Oct 09, 2008
Here comes November 4th! Are we ready for what may be the biggest voter turnout ever1? No, we are not!
The Annenberg Public Policy Center has just released an Election Survey (.pdf) with some startling revelations:
- Which candidate (Obama or McCain) is more likely to support free trade agreements like NAFTA? Only 28 percent correctly identified McCain.
- Who is the candidate offering $2,500 to individuals and $5,000 to families to help buy life insurance? Almost twice as many people attributed this McCain plan to Obama, and only one in five correctly identified it as McCain’s.
- Who wants to close Guantanamo? Forty-three percent said only Obama; only eight percent knew the truth: both McCain and Obama favor the idea.
- Nearly two-thirds of respondents don’t know what it takes to override a presidential veto (a 2/3 vote of the House and Senate).
Perhaps what we need isn’t a poll tax so much as a poll test
Here’s something for those of you responsible for running a proper polling station. The Brennan Center for Justice,
together with Common Cause
and the Verified Voting Foundation
have assembled a Ballot Accounting Checklist (.pdf)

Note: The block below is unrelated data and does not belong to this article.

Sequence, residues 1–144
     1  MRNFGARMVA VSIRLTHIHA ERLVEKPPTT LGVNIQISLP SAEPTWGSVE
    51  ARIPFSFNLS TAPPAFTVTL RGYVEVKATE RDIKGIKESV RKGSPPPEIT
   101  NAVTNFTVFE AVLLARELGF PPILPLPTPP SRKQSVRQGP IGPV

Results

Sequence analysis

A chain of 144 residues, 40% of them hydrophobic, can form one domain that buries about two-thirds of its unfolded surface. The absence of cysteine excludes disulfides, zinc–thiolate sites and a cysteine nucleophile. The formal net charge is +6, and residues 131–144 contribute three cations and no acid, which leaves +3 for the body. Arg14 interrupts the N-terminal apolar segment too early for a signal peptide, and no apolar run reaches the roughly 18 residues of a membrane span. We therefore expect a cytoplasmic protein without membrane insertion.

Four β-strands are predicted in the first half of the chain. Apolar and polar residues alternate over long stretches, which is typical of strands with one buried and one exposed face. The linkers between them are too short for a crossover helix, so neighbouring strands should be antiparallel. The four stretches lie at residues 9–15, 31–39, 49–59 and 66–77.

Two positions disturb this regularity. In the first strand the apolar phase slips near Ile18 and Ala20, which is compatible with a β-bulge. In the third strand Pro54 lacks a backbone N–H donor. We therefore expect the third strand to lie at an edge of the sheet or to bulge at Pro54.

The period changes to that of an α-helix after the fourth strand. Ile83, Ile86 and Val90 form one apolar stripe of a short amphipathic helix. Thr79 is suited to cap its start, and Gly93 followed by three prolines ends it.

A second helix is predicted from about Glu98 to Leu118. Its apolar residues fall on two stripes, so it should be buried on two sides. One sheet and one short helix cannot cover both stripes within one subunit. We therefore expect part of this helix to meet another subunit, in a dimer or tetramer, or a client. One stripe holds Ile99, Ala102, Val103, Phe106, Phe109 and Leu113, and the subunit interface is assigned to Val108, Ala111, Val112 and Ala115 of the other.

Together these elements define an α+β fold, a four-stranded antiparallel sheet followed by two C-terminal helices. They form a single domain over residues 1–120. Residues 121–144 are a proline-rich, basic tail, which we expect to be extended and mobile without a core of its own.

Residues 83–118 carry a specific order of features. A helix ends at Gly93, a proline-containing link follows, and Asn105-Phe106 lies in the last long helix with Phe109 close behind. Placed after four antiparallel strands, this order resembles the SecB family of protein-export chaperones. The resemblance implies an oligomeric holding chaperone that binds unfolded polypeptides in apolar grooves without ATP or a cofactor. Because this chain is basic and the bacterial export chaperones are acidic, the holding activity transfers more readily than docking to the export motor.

representing “a minimum of what election officials should do to account for all ballots and votes cast on Election Day.” We especially favor the last recommendation: “Make all results public.”
And finally, from the Sentencing Project
comes an update on disenfranchisement reform. We used to think convicted felons lost their right to vote forever. Such is far from the case, however. The report, Expanding the Vote: State Felony Disenfranchisment Reform 1997-2008 (.pdf)
relates how 760,000 citizens have regained their right to vote, although five million others will continue to be ineligible to vote in November’s election. Furthermore:
- Thirteen percent of black men are disenfranchised—seven times the national average.
- 2.1 million disenfranchised persons are ex-offenders who have completed their sentences.
- The state of Florida had an estimated 960,000 ex-felons who were unable to vote in the 2004 election.
- Kentucky and Virginia are the only two states that permanently disenfranchise ex-felons.
- Maine and Vermont are the only two states that allow current inmates to vote.2
Interestingly, another Brennan Center report (produced in conjunction with the American Civil Liberties Union), De Facto Disenfranchisement (.pdf)
“reveals widespread misunderstanding among state election officials of laws governing the right to vote of citizens with felony convictions.” Should we have a close election again this year, look for a massive traffic jam of litigation.
In June 2008, Florida’s governor, Charlie Crist, said, “Once somebody has truly paid their debt to society, we should recognize it. We should welcome them back into society and give them that second chance. Who doesn’t deserve a second chance?”
Who, indeed? Maybe we can even grant that second chance to Florida.
1 Obama Campaign Sets Stage for Record Voter Turnout,
by Katie Garrety, ABC News, August 18, 2008 (Accessed October 4, 2008)
2 Felony Disenfranchisement Laws in the United States (.pdf),
from The Sentencing Project (Accessed October 4, 2008)